Tesla under investigation in US over 'misleading' marketing of full self-driving tech

Possible penalties, if the automaker is found to be misleading customers, include the suspension or revocation of autonomous vehicle deployment permits

Tesla on Autopilot
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Tesla is under investigation by US authorities over whether it has misled customers by advertising its vehicles as having a full self-driving option when they don't.

Tesla offers its ‘Full Self-Driving Capability’ option for an extra $10,000 on the asking price – claiming the upgrade will allow the customer to navigate using Autopilot, automatically change lanes/park and summon the vehicle as well as utilise its full self-driving computer and traffic light/stop light controls.

However, the reason for the probe, being carried out by the California Department of Motor Vehicles (DMV) in America, is that in fact Tesla’s models can’t drive themselves yet as implied – which the company itself admits in the fine print on its website, acknowledging the system “does not make the car autonomous” and that it requires “active supervision” from the driver.

Tesla Autonomous Driving
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Tesla Autopilot

According to the Los Angeles Times, automated vehicle law expert at the University of South Carolina, Bryant Walker Smith, said Tesla could be on dodgy legal ground, and its small print effort is unlikely to be enough to keep it out of trouble.

“Tesla seems to be asking for legal trouble on many fronts from the FTC (Federal Trade Commission) and its state counterparts for deceptive marketing,” Smith said. “From the California DMV for, potentially, crossing into the realm of autonomous vehicle testing without state approval, from competitors with driver assistance systems, competitors with actual automated driving systems, ordinary consumers, and future crash victims who could sue under state or federal law.”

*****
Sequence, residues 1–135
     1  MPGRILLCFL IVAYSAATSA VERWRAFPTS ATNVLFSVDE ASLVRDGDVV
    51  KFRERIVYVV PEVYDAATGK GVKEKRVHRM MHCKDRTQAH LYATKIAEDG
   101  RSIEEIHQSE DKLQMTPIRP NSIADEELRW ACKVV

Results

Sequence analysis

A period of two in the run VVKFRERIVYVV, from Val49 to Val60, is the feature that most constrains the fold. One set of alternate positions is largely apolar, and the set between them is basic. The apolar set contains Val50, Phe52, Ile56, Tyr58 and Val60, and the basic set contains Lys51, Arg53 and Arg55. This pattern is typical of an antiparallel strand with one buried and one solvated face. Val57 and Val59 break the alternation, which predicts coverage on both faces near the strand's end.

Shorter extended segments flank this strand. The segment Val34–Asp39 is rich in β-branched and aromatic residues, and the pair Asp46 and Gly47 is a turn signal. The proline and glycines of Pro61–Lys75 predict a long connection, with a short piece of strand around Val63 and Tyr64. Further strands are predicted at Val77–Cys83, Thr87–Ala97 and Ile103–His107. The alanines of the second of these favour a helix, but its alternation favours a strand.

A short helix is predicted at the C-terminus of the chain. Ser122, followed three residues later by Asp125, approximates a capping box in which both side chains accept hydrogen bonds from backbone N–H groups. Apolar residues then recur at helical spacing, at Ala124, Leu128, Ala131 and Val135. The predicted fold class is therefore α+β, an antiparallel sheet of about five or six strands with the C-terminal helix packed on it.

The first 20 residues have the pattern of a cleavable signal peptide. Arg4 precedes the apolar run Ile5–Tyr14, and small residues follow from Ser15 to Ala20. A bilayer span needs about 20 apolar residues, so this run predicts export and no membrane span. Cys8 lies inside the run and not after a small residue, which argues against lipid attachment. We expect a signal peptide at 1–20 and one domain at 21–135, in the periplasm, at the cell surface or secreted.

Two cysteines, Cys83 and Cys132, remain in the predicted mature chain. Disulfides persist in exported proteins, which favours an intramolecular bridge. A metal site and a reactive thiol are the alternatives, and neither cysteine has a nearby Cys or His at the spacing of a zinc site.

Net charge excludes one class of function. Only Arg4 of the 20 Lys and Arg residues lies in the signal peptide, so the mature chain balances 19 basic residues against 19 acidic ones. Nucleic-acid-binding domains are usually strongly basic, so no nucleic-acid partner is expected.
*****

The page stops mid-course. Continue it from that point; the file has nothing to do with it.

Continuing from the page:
While the DMV is unable to comment on its investigation, a spokeswoman did say that possible penalties for misleading customers include the suspension or revocation of autonomous vehicle deployment permits, as well as manufacture and dealer licenses.

This isn’t the first time that Tesla’s marketing of its ‘full self-driving system’ has landed it in hot water.  Last year Tesla was banned from using the Autopilot name in Germany, and also scored badly in the Euro NCAP ratings, getting just two out of four stars because it’s Autopilot system was found to be more “authoritarian than co-operative”.

America’s National Highway Traffic Safety Administration has also reportedly investigated over 20 car accidents involving Tesla’s Autopilot driving function in recent months.

WhichCar has contacted Tesla for comment.

Got a tip-off for a story? Get in touch: kathryn.fisk@aremedia.com.au

 

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